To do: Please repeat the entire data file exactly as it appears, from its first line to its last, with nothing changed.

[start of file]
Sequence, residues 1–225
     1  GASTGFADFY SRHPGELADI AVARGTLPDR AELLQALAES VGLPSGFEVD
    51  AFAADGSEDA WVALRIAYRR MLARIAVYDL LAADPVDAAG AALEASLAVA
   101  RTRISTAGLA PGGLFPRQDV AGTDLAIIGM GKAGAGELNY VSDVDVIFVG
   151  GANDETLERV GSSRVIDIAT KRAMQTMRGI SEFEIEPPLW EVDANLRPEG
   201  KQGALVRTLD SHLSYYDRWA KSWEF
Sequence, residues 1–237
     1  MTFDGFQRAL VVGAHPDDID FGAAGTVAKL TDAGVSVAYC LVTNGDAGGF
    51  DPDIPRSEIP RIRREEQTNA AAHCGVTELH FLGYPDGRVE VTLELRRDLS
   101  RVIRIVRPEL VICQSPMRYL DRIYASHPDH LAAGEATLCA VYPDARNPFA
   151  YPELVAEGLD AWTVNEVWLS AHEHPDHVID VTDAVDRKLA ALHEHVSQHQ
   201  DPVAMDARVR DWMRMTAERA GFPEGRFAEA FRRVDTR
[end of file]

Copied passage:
Sequence, residues 1–225
     1  GASTGFADFY SRHPGELADI AVARGTLPDR AELLQALAES VGLPSGFEVD
    51  AFAADGSEDA WVALRIAYRR MLARIAVYDL LAADPVDAAG AALEASLAVA
   101  RTRISTAGLA PGGLFPRQDV AGTDLAIIGM GKAGAGELNY VSDVDVIFVG
   151  GANDETLERV GSSRVIDIAT KRAMQTMRGI SEFEIEPPLW EVDANLRPEG
   201  KQGALVRTLD SHLSYYDRWA KSWEF
Sequence, residues 1–237
     1  MTFDGFQRAL VVGAHPDDID FGAAGTVAKL TDAGVSVAYC LVTNGDAGGF
    51  DPDIPRSEIP RIRREEQTNA AAHCGVTELH FLGYPDGRVE VTLELRRDLS
   101  RVIRIVRPEL VICQSPMRYL DRIYASHPDH LAAGEATLCA VYPDARNPFA
   151  YPELVAEGLD AWTVNEVWLS AHEHPDHVID VTDAVDRKLA ALHEHVSQHQ
   201  DPVAMDARVR DWMRMTAERA GFPEGRFAEA FRRVDTR